Ran originally Sunday, September 13 in Louisiana Gannett newspapers, including The Times and The News-Star.
These hot and sticky days in Southwest Louisiana, if you’ve got a window unit, a generator and gas, a case of water, Vienna Sausage, Saltine Crackers, and something that passes for a roof, it’s been a pretty good day.
If you’ve got all that plus a job you can get to and back from, you’re practically living the dream.
We can’t forget our friends down there, where 17,000 electrical workers from 29 states and doing some heavy lifting for the tens of thousands who are without electricity—and where 177,000 still have no water—after Hurricane Laura two weeks ago. This from one of my friends in Lake Charles:
“My best description that I’ve been telling people is that it looks like a nonflammable bomb exploded and took out the town.”
Help has been steady from the git-go. “Neighbors helping neighbors…strangers helping strangers…,” my friend wrote. “First responders—you can’t say enough about them. Wherever you go in town, volunteers are everywhere lending a hand.”
We can too. Local churches and charitable organizations have been sending needed items. We can go through the American Red Cross or United Way to send money, or send it directly to someone you know who can actually spend it now since some places—Lowe’s, Home Depot, Stine Lumber, Academy, Kroger, Walmart, Albertson’s—are open.
McNeese State is in Lake Charles, and one of their longtime athletic opponents, Lamar Football in Beaumont, Texas, had a food drive for their neighbors. ULL Football brought supplies. The Southland Conference collected goods at Toyota Stadium in Frisco, Texas and headed south, as did the University of Central Arkansas. The LSU basketball team helped deliver supplies. The people of Natchitoches hauled items to the Northwestern State field house this week for another trip to Lake Charles.
In Ruston, donations will be accepted from 3-7 pm Tuesday, September 15 at Joe Aillet Stadium on the Louisiana Tech campus and taken south Wednesday in the Tech Football equipment 18-wheeler. Items needed: non-perishable food, batteries, pet food, baby supplies, bottled water and sports drinks, cleaning supplies, and personal care items. Tip of the helmet to Gentry Trucking for the support.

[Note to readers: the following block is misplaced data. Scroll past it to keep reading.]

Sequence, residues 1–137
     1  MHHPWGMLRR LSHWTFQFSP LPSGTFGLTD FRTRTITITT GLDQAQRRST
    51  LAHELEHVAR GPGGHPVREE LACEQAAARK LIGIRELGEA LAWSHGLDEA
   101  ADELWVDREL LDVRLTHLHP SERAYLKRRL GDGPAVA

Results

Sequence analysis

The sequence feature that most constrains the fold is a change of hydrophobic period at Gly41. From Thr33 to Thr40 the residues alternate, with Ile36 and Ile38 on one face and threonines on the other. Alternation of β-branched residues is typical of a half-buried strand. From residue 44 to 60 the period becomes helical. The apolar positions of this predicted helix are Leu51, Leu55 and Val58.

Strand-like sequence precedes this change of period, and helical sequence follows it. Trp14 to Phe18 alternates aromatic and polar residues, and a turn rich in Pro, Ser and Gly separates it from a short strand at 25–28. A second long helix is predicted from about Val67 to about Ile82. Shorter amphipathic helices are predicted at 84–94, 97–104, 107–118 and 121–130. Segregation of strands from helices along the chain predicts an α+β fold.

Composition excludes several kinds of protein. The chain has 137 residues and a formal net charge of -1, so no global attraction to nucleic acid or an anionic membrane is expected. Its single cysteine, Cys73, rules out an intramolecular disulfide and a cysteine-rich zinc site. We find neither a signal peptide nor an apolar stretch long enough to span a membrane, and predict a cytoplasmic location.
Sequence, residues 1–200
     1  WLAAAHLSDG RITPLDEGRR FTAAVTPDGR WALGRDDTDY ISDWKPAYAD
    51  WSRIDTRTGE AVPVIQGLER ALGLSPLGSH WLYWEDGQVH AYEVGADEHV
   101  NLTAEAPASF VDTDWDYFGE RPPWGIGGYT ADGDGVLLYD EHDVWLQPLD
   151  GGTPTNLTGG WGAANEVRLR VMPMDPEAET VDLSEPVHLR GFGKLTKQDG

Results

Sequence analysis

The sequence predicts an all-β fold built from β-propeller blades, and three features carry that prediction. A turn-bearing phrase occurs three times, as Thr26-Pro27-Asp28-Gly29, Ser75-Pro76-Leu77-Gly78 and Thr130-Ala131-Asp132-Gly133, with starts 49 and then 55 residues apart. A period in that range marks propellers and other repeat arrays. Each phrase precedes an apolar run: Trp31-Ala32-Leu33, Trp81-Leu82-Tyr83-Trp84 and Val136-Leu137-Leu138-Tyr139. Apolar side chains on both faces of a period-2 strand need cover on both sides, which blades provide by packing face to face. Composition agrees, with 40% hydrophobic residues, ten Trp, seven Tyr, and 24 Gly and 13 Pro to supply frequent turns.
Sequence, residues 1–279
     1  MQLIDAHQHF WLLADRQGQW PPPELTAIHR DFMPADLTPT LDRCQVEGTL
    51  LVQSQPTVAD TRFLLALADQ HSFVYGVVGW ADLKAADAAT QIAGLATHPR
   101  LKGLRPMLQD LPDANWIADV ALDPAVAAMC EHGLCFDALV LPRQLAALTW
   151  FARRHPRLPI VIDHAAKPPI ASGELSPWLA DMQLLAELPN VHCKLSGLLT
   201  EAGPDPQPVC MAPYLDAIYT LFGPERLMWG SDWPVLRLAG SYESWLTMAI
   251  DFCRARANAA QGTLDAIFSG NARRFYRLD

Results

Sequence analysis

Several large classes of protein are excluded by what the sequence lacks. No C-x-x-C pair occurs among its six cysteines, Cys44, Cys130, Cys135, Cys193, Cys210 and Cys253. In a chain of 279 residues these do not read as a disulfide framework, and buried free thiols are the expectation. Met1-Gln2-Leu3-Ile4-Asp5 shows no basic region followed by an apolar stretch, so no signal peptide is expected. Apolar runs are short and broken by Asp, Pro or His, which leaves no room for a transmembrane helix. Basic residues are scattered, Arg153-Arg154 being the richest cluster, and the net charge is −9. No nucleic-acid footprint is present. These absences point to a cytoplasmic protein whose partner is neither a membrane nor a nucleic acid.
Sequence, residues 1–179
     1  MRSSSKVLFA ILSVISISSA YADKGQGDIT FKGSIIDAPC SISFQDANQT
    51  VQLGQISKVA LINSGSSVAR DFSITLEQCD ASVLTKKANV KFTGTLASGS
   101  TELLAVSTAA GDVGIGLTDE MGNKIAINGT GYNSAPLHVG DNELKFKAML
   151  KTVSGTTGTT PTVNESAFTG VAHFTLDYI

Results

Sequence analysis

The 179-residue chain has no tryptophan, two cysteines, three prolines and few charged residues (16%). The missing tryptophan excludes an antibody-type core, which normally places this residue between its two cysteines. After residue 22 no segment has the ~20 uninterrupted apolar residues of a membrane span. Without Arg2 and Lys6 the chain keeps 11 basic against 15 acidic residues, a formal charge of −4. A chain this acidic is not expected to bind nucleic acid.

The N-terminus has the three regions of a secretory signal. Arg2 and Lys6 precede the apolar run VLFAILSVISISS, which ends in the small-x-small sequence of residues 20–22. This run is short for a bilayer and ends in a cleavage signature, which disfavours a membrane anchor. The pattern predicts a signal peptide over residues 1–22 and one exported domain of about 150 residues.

The National Guard has been a constant presence, and all these charity outfits have been lifesavers for our friends down south. The national media, after covering the hurricane as an event, has not stuck around though. Apparently doing good deed after good deed for people in “epic suffering”—a description from a friend with boots on the ground—won’t get you much air time, sort of like the mandolin and steel guitar won’t get you on a TV show these days. Once upon a time, but not now.
Good news travels slowly if at all. Seems a case of “no news unless it’s bad news.” After another long day of helping people begin to recover, one of my buddies wasn’t surprised at the lack of a national spotlight, or even some national candlelight: “No rioting or looting or marches or people getting shot,” he said. “Just people helping each other. So…”
It’ll be a couple of years before things are back to normal—even though we could never really accuse Southwest Louisiana of being normal. But we prefer the pre-Laura abnormal to this.
From Cameron to Sulphur to Moss Bluff to Lake Charles, we can’t forget these friends. They’ll need help for a while. T-Boys is gone. The Bayou Fuel Shop. The Kountry Store. A bank used to be there and a Dunkin’ Donuts there. There also used to be an electrical grid but …
So send some love their way.
And whatever else you can spare.
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